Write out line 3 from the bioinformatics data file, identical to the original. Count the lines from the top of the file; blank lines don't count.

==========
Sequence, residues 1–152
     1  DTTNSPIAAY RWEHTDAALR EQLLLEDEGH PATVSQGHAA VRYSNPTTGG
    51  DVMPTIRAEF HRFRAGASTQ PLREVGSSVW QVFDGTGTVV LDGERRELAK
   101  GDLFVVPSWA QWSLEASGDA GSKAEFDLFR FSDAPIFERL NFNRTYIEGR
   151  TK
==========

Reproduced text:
    51  DVMPTIRAEF HRFRAGASTQ PLREVGSSVW QVFDGTGTVV LDGERRELAK